JAS 39 Gripen: The Fighter From Sweden That Can Kill F-15 and F-16s

JAS 39 Fighter from Sweden
December 20, 2023 Topic: Security Region: Europe Blog Brand: The Buzz Tags: F-16F-15JAS 39Jas 39 GripenMilitaryDefenseNATO

JAS 39 Gripen: The Fighter From Sweden That Can Kill F-15 and F-16s

Developed as a successor to the aging Draken and Viggen fighters, the JAS 39 Gripen was designed to be highly maneuverable, capable of Mach 2 speeds, and operable from short runways, all while surpassing its predecessors in payload capacity.

Summary: Sweden's decision to join NATO, along with Finland, marks a significant shift from decades of neutrality and shines a spotlight on its indigenous multi-role fighter, the Saab JAS 39 Gripen. Originally established as an aerospace and defense company in 1937, Saab has a storied history in aircraft development, culminating in the Gripen, which stands as the pinnacle of Swedish aviation engineering. Developed as a successor to the aging Draken and Viggen fighters, the Gripen was designed to be highly maneuverable, capable of Mach 2 speeds, and operable from short runways, all while surpassing its predecessors in payload capacity. Despite initial setbacks, including two crashes during its testing phase, the Gripen entered service in 1996 and has since demonstrated its capabilities in exercises like the 2006 Red Flag in Alaska, where it proved competitive against other advanced fighters such as the F-16, Eurofighter Typhoon, and F-15. With Sweden's entry into NATO, the Gripen is poised to play a key role in the alliance, though its direct comparison with Russian aircraft remains, for now, a matter of theoretical analysis.

The Saab JAS 39 Gripen: Sweden's Answer to Modern Air Warfare Challenges

With Sweden (and Finland) joining NATO after decades of neutrality, let’s look at Sweden’s most impressive fighter: the homegrown Saab JAS 39 Gripen.

Many Americans associate Saab exclusively with their automobiles.

Saab models, like the 900, 9-3, and 9-5, were popular amongst American consumers before the company’s car division ceased operations in 2011. What most Americans likely fail to appreciate is that Saab was originally, and is still currently, an aerospace and defense company.

Founded in Stockholm, Sweden, in 1937, the company has a proud history of weapons and aircraft development. Saab is well known for their lineage of fighter jets, including the Tunnan, Lansen, Draken, and Viggen.

Saab will even be teaming up with Boeing to manufacture the US Air Force’s new jet trainer, the T-7 Red Hawk. But Saab’s most advanced fighter, the contemporary lynchpin of the Swedish Air Force, is the JAS 39 Gripen.

The JAS 39 Gripen Story

The JAS 39 Gripen was developed to replace aging Draken and Viggen aircraft. The Swedes wanted a new jet that could hit Mach 2, take-off from short runways, and that would be smaller than the Viggen while carrying a higher payload.

Foreign aircraft were considered as replacements, including the F-16, the F/A-18, the F-20, and the Mirage 2000, before Saab was chosen to create a brand-new airframe.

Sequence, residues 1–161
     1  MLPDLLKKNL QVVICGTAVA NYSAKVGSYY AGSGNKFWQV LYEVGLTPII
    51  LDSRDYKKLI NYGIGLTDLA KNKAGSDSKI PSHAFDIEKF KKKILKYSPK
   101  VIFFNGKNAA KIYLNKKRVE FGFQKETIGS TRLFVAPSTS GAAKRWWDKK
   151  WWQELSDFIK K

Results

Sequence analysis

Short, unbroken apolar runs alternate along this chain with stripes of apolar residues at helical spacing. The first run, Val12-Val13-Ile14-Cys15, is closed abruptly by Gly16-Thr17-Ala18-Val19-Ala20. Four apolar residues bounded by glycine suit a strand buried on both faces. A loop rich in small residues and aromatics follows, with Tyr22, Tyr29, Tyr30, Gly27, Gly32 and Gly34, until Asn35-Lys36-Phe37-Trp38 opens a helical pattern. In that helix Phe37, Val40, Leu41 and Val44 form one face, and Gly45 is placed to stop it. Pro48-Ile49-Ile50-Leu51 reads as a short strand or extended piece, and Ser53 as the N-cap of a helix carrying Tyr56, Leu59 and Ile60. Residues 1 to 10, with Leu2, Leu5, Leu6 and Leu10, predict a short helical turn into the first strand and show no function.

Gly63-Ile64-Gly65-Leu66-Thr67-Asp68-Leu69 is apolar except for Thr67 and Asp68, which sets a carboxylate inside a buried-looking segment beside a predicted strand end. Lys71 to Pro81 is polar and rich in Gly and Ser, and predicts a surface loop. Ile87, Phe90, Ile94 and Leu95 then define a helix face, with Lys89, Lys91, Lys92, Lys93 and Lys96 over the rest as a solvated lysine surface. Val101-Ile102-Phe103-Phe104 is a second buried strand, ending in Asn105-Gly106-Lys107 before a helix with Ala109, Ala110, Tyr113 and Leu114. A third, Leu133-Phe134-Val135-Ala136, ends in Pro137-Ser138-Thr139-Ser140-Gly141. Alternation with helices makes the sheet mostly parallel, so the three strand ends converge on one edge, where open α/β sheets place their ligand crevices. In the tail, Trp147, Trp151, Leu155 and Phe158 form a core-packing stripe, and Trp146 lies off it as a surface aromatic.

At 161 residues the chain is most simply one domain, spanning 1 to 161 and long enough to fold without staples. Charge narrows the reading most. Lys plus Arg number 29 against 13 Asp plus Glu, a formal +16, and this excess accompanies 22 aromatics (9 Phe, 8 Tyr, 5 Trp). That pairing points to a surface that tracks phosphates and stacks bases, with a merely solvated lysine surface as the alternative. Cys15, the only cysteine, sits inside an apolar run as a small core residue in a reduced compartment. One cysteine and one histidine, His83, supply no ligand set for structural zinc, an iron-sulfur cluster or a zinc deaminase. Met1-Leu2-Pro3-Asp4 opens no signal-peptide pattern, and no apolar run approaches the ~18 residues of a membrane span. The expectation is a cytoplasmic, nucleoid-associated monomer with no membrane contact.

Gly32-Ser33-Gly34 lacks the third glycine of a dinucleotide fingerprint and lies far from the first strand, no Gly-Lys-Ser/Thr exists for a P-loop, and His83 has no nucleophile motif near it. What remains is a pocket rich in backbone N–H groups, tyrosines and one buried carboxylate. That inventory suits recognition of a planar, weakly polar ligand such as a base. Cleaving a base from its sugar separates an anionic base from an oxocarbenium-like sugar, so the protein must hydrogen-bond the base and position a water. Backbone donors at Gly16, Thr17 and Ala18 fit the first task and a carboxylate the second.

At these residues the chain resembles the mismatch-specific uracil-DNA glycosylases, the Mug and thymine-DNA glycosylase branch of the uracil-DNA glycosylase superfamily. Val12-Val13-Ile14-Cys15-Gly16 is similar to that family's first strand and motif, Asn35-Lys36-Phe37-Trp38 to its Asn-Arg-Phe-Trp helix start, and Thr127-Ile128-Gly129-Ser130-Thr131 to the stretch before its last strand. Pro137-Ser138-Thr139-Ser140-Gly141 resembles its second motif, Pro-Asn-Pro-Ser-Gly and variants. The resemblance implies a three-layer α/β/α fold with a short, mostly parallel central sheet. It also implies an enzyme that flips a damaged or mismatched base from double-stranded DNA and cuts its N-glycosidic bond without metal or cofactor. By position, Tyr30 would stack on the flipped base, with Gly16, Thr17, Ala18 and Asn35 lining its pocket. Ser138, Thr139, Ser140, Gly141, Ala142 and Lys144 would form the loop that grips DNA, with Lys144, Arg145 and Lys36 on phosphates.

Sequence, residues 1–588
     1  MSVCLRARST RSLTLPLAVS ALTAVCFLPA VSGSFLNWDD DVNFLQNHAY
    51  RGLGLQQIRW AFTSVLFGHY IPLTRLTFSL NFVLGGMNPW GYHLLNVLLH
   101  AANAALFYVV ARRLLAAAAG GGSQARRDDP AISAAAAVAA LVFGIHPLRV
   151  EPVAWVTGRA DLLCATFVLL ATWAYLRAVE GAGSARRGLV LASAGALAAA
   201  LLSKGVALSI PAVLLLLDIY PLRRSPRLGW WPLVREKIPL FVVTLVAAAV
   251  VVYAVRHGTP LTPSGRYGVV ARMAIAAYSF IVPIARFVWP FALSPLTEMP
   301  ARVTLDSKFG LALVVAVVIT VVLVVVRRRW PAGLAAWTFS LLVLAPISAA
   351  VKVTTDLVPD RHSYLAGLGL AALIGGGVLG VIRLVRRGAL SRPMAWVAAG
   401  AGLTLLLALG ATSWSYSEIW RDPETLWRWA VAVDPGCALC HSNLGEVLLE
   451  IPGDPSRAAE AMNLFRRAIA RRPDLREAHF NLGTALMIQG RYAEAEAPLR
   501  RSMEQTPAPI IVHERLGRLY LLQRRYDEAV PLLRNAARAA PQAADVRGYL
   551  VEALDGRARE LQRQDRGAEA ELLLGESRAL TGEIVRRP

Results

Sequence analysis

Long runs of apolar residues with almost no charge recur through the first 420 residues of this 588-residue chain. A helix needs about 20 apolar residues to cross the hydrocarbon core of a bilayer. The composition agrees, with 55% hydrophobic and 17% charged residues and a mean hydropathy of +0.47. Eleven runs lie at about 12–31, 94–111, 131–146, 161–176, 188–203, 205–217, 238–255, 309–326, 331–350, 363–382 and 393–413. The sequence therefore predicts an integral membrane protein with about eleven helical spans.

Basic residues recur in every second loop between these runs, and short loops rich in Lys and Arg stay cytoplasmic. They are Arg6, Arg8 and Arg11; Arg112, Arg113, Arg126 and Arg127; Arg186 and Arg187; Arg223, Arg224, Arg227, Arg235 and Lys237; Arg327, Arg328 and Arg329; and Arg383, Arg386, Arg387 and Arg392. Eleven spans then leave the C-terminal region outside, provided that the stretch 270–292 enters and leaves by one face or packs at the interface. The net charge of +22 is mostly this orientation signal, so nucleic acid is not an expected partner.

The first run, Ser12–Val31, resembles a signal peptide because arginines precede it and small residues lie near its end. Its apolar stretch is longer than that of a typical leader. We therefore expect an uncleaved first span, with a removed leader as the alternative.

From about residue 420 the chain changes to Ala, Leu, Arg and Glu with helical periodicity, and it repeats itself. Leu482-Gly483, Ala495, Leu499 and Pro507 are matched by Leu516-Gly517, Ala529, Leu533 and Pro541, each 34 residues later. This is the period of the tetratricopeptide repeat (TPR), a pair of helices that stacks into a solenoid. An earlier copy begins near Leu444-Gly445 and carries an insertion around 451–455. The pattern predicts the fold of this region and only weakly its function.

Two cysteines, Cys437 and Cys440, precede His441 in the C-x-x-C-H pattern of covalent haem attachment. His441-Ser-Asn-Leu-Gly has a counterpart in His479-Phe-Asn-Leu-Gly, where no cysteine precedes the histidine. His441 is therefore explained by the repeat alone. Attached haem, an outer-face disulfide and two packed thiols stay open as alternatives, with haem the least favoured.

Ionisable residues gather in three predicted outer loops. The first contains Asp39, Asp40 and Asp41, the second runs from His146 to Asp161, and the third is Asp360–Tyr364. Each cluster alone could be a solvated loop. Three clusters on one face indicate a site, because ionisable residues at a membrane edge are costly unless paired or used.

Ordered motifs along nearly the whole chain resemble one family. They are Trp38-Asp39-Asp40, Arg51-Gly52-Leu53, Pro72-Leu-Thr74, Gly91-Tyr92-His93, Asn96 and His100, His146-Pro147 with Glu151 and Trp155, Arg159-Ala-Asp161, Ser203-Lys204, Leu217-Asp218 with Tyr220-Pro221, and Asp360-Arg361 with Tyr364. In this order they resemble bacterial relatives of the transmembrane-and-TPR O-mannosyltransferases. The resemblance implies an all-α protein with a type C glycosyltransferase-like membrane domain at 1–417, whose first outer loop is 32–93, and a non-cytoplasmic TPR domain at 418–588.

For Sweden, creating an advanced fighter jet was a significant, and polarizing, endeavor. The program was under the microscope, so to speak. Two crashes during the flight-testing phase exacerbated the attention and criticism.

In the first incident, in 1989, test pilot Lars Radestrom crashed while landing, as the result of an error with the fly-by-wire flight control system (FCS) pitch-control, which caused pilot-induced oscillation. Here’s a video of the crash. In the second incident, in 1993, Radestom – back for more – lost control of the Gripen during a roll at low altitude; the Gripen stalled and Radestrom ejected, surviving.) And here’s a video of that crash). The crash was credited to high amplification of the pilot’s stick command inputs. Corrections took months.

Eventually, Saab got the Gripen on track; the jet has been in service since 1996.

JAS 39 Gripen: What It Can Do

Designed as a multi-role fighter, the Gripen’s JAS designation refers to Jakt (air-to-air), Attack (air-to-surface), and Spaning (recon). The JAS 39 Gripen is light, with one seat and one engine, and maneuverable; the jet was designed with canards and delta wings, to achieve relaxed stability. An aircraft with relaxed stability cannot be trimmed to maintain a certain attitude.

Instead, if the plane pitches or rolls, it will continue to pitch or roll in that direction, at an increasing rate, until the pilot intervenes. The result is a maneuverable, albeit unstable, aircraft.

JAS 39 Gripen

As Europe has been relatively stable since the Gripen’s introduction, and because Sweden exercises a restrained foreign policy, the Gripen has not seen much action (with Sweden, nor with foreign customers like Hungary, Brazil, or South Africa). But the Gripen did perform admirably at the 2006 Red Flag exercise in Alaska. Head-to-head with F-16s, Eurofighter Typhoons, and F-15s, the Gripen held its own, scoring several “kills” with only one loss.

Now, with Sweden joining NATO, the Gripen will inevitably be compared to its Russian counterparts.

While the Gripen is quite capable, open conflict between a NATO-aligned Sweden and Russia still seems unlikely; comparisons between the Gripen and Russian aircraft will hopefully remain a strictly theoretical exercise.

Expert Biography

Harrison Kass is a prolific defense writer with over 1,000 articles published.  An attorney, pilot, guitarist, and minor pro hockey player, he joined the US Air Force as a Pilot Trainee but was medically discharged. Harrison has degrees from Lake Forest College, the University of Oregon School of Law, and New York University’s Graduate School of Arts & Sciences. He lives in Oregon and regularly listens to Dokken.